Here's the real version of that conversation:
"So what's wrong with it?"
"You have the latest flash virus. Have you opened any Word documents lately?"
"Of course! I use Word all day."
(scans hdd, finds the one in email that started it)
"Did you open this?"
"Of course I did. It's the weekly report."
"Didn't it WARN you there may be a virus?"
"I'm pretty sure it popped up and warned you about the security implications of opening documents containing flash applets from untrusted sources"
"What does that mean?"
"It means it warned you about a possible virus"
"Oh, well stuff pops up all the time and I just click OK so the computer will work. Sometimes it pops up again so I click Cancel"
Users are bombarded with dialog boxes, permission boxes, info bars, tray notifications, software update notifications, and so forth all day long. They don't read them, they just click YES/OK. If it pops up again, they try CANCEL (even if the text is different - remember they don't read it!)
That's why IE's ActiveX scheme was a massive failure - it relied on users to know what ActiveX was, know what digital certificates were, then make an informed security decision for each and every control that wanted to install. Even if the native code execution wasn't a huge hole all by itself the whole scheme is a massive failure because most users don't know what ActiveX is, wouldn't know how to verify a certificate if they wanted to, and can't control what the control does after it's installed.
This is also why Android is a huge security fail. It relies on the user to understand what the permissions mean and what the consequences are at the time of install. Even if you understood exactly what those 18 permissions were (including scrolling down to expand the list and finding identically named permissions but with slightly different detail text under them)... you can't enable-disable them if you decide the app shouldn't have some of them. Should App X be able to modify or delete USB storage? maybe... depends on what it wants to do! Should it be able to make phone calls or send text messages? Maybe... too bad you won't be asked about it when it signs you up for $9.99/mo SMS services. What about manage accounts? Maybe the app wants to legitimately manage accounts... or maybe it will delete your entire google account. Who knows, but you sure won't be prompted about it.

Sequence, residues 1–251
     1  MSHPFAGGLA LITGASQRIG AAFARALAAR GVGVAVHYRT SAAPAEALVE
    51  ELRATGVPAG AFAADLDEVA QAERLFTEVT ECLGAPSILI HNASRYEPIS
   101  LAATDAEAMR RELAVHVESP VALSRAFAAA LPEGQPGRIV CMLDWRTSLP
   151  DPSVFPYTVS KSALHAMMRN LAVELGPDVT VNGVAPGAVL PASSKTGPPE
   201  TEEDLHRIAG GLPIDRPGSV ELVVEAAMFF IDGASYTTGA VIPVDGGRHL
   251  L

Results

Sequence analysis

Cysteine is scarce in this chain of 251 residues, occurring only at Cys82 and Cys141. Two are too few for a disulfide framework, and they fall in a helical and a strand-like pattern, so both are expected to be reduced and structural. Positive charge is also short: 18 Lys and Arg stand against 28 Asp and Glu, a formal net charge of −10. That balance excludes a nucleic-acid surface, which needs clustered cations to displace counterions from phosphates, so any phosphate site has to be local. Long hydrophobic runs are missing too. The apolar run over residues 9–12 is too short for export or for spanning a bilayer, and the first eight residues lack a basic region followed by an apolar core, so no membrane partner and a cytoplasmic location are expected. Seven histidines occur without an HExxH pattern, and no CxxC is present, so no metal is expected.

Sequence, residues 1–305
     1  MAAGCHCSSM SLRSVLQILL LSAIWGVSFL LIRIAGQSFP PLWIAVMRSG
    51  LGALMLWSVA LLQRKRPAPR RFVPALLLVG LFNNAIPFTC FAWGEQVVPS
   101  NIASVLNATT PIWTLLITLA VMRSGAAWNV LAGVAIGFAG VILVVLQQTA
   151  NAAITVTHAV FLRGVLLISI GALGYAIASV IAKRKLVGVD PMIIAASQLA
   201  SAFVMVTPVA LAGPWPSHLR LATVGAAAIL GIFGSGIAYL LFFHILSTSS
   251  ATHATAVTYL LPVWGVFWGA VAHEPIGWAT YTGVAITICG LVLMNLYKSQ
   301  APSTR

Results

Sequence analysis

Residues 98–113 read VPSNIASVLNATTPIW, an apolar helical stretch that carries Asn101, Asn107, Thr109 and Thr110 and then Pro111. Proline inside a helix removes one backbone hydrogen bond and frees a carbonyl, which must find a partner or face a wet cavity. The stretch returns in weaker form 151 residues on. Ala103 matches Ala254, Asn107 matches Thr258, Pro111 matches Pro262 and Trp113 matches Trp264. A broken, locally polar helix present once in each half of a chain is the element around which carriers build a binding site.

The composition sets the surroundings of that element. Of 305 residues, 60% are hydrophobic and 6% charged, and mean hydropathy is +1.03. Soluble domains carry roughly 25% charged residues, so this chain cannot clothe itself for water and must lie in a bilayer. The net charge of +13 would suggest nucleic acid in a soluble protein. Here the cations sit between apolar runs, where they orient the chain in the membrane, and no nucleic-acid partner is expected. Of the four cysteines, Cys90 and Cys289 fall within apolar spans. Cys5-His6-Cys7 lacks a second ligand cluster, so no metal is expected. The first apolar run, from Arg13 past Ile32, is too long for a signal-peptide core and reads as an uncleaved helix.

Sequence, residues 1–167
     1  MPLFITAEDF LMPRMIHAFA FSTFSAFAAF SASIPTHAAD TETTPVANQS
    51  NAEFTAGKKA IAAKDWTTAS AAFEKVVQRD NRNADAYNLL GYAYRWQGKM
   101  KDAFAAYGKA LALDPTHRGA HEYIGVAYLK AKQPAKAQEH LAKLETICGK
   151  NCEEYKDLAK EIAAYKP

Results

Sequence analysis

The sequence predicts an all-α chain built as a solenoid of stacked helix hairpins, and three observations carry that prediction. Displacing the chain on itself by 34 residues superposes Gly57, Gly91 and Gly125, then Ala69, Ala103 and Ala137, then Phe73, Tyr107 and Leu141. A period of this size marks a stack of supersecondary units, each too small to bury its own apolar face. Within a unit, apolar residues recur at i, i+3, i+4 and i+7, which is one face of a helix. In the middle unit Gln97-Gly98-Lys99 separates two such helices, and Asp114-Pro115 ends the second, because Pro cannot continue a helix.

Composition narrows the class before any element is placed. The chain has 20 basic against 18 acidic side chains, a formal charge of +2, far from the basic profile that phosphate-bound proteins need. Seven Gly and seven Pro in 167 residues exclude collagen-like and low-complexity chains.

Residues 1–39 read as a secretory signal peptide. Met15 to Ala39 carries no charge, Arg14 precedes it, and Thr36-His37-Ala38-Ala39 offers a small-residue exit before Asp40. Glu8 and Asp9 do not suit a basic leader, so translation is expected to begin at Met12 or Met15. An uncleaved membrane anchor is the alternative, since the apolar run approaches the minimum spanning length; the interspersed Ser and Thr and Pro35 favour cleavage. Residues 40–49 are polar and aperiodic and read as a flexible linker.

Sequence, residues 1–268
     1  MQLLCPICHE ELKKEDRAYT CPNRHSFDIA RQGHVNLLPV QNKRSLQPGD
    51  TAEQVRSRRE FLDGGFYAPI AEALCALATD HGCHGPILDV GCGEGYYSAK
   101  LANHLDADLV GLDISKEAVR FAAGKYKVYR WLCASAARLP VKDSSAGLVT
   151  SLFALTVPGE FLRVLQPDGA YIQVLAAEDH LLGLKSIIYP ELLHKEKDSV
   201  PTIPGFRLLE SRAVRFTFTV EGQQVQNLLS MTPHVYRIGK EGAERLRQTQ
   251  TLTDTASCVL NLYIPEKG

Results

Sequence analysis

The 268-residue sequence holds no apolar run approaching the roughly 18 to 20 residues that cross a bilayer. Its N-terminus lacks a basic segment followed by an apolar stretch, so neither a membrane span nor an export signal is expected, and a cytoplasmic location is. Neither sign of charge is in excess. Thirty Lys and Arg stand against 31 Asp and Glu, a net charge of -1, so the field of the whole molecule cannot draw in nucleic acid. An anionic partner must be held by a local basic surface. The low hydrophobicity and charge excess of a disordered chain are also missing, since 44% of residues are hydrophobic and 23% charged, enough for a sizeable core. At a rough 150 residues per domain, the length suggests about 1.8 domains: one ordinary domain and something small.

Any system that relies on the user to make potentially dangerous security decisions is an automatic failure; doubly so if the decision is irreversible and persistent for all time (which covers the vast majority of security systems in use today).
I'm almost certain that in the future we'll grant permissions to different apps and websites by answering at the time the app wants access to the resource, not forever. Further I think the system will want to keep a history (think git, but for the entire filesystem), allowing you to effectively "roll back" a bad security decision. That probably means browsers and apps all run isolated in their own OS-provided VM/sandbox and all sharing or filesystem access routes through the version control system.